The other countervailing force would be higher education institutions themselves, public and non-profit, which need the confidence of students, families, taxpayers, and alumni in the value of their teaching, research, and public service. Accrediting bodies are creatures of these institutions. They will not welcome an attempt to undermine accreditation by having it taken over or replaced by people and companies who see billions in federal higher education spending as just another opportunity to cash in for themselves, although that is the driving force behind the tightening grip.

Lamentably, the higher education establishment has not distinguished itself historically in standing up for integrity over opportunism. Some of the weaker higher education systems in both the non-profit and public spheres have repeatedly welcomed lower standards; often they have prevailed over the interests of the nation's leading colleges and universities.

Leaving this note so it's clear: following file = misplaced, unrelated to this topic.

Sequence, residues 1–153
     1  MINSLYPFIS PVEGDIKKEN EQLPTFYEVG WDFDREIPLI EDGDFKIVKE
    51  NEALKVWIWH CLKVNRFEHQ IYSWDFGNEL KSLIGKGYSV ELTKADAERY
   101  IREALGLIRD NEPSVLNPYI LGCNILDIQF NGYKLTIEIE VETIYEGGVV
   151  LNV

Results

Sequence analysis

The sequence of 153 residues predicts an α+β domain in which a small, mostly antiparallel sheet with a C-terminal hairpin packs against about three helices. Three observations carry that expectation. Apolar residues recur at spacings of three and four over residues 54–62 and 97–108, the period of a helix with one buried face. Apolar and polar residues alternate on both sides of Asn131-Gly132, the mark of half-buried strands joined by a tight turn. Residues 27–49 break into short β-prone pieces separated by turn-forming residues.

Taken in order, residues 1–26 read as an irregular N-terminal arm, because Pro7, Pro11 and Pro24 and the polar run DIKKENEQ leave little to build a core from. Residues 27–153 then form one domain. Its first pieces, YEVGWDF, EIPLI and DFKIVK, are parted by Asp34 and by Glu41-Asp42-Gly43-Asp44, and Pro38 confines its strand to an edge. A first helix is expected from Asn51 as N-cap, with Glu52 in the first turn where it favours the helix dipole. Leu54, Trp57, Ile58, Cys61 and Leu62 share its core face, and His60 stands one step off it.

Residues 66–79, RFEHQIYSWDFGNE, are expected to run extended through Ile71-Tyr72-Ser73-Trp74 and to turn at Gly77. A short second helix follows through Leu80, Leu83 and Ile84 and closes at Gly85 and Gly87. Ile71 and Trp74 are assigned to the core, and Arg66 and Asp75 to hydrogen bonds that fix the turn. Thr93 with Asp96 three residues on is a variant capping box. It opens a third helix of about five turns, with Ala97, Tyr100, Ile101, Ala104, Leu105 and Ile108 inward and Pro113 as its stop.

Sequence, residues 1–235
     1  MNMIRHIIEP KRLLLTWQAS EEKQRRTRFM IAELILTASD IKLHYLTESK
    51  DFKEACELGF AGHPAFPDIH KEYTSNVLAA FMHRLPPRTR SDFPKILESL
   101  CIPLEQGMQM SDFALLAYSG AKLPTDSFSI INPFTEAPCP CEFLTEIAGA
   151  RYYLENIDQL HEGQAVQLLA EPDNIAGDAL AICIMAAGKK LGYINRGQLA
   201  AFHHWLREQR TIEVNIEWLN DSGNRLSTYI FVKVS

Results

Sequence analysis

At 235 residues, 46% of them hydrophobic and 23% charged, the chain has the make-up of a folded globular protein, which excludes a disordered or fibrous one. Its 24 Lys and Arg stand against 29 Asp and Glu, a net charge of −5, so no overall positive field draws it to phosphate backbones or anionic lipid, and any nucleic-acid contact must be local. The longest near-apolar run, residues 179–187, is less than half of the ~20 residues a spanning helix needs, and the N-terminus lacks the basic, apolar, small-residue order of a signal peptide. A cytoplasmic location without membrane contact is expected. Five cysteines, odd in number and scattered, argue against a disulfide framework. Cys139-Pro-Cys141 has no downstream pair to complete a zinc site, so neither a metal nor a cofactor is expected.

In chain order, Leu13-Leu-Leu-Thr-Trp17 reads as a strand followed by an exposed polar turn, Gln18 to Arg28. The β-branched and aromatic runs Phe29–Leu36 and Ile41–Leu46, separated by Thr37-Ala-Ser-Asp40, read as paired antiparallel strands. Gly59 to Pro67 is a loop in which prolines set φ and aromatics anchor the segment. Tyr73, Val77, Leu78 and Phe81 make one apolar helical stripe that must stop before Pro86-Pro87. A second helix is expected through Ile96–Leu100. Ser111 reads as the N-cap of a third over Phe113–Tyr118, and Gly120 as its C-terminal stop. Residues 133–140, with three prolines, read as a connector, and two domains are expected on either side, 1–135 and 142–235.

Another test is now upon the nation's higher education leadership.

William Jennings Bryan and Populism

August, 2018

Washington -- New York Times columnist (and Nobel prize winner) Paul Krugman has sent many of his millions of readers to look up William Jennings Bryan if they want to know who is and who is not a "populist."

The problem with Krugman's linked Bryan-bio is that, at the end, it disparages Bryan wrongly and gratuitously by alleging "shallowness and ignorance of science and archaeology."

Bryan was the founder of the modern Democratic party, of which there is little dispute. A progressive, he paved the way for the election of Woodrow Wilson and was the force behind constitutional amendments approving the federal income tax, direct election of U.S. senators, and women's suffrage. At the end of his life, he fought the teaching of evolution, memorialized in the play and movie Inherit the Wind.

It is the movie version of Bryan that seems to be the source of the "shallowness and ignorance" description.

Bryan was in fact quite well read on evolution and the science of the 1920s. Evolution at that time was understood to comprehend "social Darwinism" (survival of the fittest, including in economics) and eugenics. The textbook that Bryan opposed taught eugenics as science, including the hierarchical rankings of different human races, with Caucasians at the top, superior to all others. This was contrary to Bryan's lifelong work.